Portland, because of its striking visual presence, how different it was, and the particular imagistic character of the building, was definitely the vehicle that made Michael Graves, Michael Graves. I don’t think it’s the most emblematic of his practice, and of his particular thoughts about Postmodernism. The far more intriguing building is Humana [the Humana Building in Louisville, Kentucky]. It had a vastly bigger budget and a more amenable client.

Between the buildings there’s no question: If someone were to ask me which to see, it’s Humana, Humana, Humana. It really holds up. The assemblage of elements on the facade is really compelling. It’s a strange beast, make no mistake. But it works urbanistically remarkably well.

The Humana Building, pictured in 2011 (Ed Reinke/AP)

It has this one quality which very few [critics] get, which is in his process, especially in his mature phase, he’s always imagining facades as susceptible to different possible readings and compositions. Humana somehow seems to suggest, in the space of a single facade, that you could almost take [this or] that element and put it down here or up there.

That possibility and sense of contingency within a recognizable figurative language, where the individual “words” are so clearly defined—that’s the promise of his work at its best.

There’s a reassessment of Postmodernism under way right now. People are divided over what to do with these buildings. Are the buildings misunderstood?

There’s this problem you run into as a biographer. It’s generally assumed you perform one of two roles: Either you’re here to write hagiography, or you’re here to do a hit piece. I will say, to recall [Shakespeare], I come not to praise Caesar. I’m not suggesting a return to Postmodernism.

I do think Postmodernism is of lasting value—and there’s a potent way it’s of interest [today], which is that a lot of contemporary architects hold Postmodernism at arm’s length with a kind of condescension. Like, “Well, there’s a mistake we’ll never make again.” When in point of fact, contemporary practitioners are still strugling with the same problems, just doing it in different ways.

The communicative objectives of Graves’s early projects are very difficult to tease out. Primarily, they were talking about the building’s own coming into being and space. The spatial development of the building is naturally a kind of hermetic thing: It’s architecture addressing architecture.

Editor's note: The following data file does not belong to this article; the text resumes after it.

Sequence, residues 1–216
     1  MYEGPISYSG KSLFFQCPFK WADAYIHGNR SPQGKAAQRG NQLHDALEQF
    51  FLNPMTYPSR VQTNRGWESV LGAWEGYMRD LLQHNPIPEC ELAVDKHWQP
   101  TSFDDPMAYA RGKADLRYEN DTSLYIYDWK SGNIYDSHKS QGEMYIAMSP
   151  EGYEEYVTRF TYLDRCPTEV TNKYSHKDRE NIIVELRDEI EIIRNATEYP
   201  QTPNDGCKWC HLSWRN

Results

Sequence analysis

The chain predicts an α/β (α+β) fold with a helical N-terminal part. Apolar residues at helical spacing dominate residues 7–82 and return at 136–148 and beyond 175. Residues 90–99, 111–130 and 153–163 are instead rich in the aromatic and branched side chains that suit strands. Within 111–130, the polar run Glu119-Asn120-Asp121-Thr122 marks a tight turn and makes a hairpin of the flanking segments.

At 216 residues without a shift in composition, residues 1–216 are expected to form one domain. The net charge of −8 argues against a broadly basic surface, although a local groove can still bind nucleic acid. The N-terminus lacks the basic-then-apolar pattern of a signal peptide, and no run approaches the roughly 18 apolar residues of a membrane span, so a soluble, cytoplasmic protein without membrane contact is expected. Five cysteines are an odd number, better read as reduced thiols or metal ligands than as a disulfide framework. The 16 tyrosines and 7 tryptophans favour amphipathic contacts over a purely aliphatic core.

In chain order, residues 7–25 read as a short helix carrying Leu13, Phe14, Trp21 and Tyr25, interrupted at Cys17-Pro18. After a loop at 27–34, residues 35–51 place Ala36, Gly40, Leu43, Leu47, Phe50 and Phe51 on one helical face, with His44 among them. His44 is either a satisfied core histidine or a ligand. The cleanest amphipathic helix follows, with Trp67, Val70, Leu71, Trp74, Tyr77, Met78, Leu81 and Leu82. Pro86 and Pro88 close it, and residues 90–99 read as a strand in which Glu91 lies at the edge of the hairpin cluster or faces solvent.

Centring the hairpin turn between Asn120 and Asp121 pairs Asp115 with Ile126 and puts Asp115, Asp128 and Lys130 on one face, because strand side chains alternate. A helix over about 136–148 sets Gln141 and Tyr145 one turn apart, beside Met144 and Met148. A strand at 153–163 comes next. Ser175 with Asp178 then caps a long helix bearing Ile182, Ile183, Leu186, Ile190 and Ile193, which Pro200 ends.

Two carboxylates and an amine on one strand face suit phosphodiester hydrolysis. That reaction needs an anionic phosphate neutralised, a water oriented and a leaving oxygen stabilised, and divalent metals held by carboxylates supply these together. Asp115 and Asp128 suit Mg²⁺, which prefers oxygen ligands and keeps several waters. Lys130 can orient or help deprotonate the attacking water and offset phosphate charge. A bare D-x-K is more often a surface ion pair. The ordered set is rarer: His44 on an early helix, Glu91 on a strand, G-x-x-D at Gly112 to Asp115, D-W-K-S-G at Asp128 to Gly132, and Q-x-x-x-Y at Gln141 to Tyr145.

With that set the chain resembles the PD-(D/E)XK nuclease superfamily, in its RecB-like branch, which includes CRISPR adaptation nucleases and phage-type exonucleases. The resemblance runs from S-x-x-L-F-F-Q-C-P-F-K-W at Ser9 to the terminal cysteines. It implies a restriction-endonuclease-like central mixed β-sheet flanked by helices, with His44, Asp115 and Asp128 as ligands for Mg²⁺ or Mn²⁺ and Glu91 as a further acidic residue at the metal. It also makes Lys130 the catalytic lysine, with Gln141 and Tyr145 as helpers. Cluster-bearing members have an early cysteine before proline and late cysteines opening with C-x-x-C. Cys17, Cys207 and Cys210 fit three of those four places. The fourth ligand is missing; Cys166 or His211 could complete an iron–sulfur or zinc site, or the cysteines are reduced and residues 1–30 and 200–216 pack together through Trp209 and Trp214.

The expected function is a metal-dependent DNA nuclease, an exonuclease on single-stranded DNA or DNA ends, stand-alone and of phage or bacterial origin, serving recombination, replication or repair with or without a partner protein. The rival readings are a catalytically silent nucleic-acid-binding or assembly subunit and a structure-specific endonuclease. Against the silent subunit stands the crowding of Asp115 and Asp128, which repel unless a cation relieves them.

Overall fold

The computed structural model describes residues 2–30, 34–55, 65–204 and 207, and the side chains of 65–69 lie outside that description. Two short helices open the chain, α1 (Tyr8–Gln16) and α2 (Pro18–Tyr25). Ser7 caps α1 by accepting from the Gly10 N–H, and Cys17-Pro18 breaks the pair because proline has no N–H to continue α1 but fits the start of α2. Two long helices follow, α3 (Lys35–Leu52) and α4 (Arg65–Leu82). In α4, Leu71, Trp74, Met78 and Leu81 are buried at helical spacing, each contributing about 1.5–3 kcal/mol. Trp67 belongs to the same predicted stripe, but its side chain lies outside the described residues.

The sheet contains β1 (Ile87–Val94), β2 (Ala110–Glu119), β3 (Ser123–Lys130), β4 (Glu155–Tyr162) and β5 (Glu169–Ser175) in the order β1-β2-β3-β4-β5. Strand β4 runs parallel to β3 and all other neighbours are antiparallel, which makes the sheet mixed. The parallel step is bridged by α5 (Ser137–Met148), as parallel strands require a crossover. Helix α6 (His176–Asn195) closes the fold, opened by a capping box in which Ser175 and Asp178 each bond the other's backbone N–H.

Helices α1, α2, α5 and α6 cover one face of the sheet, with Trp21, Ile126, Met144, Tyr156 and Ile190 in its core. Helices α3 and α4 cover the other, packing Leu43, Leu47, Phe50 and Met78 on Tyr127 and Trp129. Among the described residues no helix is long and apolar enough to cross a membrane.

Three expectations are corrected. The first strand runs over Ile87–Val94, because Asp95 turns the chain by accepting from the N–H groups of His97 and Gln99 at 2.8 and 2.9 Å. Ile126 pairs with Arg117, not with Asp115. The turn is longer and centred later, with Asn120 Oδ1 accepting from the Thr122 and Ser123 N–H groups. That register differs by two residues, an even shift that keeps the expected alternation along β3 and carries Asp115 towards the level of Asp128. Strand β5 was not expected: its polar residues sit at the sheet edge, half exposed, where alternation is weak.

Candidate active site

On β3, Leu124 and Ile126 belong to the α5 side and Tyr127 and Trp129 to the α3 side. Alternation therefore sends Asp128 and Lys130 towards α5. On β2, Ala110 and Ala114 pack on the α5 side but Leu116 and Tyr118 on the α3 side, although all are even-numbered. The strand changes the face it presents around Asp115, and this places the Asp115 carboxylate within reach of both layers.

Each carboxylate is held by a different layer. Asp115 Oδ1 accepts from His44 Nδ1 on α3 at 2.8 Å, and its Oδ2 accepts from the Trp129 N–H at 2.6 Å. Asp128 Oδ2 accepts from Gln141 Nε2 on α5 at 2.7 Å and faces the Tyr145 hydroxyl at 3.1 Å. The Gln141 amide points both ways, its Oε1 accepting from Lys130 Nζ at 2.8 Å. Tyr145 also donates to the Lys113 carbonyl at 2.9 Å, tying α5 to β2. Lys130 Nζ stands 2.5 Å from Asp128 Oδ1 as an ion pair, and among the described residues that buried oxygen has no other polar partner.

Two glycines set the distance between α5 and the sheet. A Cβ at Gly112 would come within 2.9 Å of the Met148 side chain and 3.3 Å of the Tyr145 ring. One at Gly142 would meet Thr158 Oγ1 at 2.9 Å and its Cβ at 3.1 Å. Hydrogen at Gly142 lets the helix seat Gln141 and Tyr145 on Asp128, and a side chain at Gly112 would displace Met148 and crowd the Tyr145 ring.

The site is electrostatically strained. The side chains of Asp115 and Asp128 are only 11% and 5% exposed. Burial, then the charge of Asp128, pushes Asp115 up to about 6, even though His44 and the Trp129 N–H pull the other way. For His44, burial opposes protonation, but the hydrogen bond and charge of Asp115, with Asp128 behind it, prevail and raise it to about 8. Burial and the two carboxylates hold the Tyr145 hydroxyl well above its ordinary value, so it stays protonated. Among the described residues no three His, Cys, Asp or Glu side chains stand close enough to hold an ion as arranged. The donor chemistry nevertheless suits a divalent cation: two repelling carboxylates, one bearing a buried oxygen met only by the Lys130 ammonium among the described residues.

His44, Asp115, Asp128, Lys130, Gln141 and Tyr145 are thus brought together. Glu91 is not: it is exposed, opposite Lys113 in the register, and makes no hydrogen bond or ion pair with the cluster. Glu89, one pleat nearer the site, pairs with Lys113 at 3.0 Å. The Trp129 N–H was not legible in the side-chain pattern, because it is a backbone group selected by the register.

What Graves began to recognize, or believe, is that most people didn’t care how architecture talked to architecture. They wanted architecture to talk to them, their values, their history, the place where they happened to be. Reviews stung him and began to change his thinking. The kinds of narratives he started working into his buildings were about place and about history.

Postmodernism was more candid in addressing these problems. Graves was almost too desperate to connect [with the public]. But even I do not suggest we could all go back and be historicists again. The struggle of what to do with [the style’s legacy], that’s a humdinger.

The biography starts with a day-by-day account of the illness that left Graves paralyzed in 2003. That turned his attention to healthcare design and designing for disability. It can be hard to see the connection between the formalist Graves and this socially committed Graves. How do the two sides relate to each other?

It could be argued, as indeed some of his closest friends argued, that his turn to a design of high civic virtue and social values was in a way circumstantial. Would he ever have done this had he not been confined to a wheelchair? Probably not. I don’t know if it would have happened otherwise.

St. Coletta of Greater Washington, a school and physical therapy center for children with special needs, completed in 2006 (Courtesy of Michael Graves Architecture & Design)
In his studio in 2009, Graves displays a bathtub handle he designed for elderly and disabled people. (Mel Evans/AP)

But that doesn’t make that modulation in his practice any less authentic. He was serious about this. He was biliously angry at the condition of the built environment for people of limited mobility, and for disabled people in general. His passion for this was completely authentic. As much as it was precipitated by his illness, there’s this pattern of obstacles in his life dating back to his mother’s illness [she had one leg amputated below the knee after a botched surgery], his own strabismus [a misalignment of the eyes], all these moments where disabilities play a prominent role in his life, and where his primary action as a designer seems to be about trying to find a way to make those work.

That’s the leitmotif of his whole life, the through line of the book. It’s about accessibility in both senses of the word. Meaning that we can access the work—it connects with us emotionally—and access it in the purely functional sense, as something we can get into and out of and use easily.

They are deeply connected. That is what brings his whole career together. And his life, in many ways. That is how I’d say the whole thing hangs in one piece.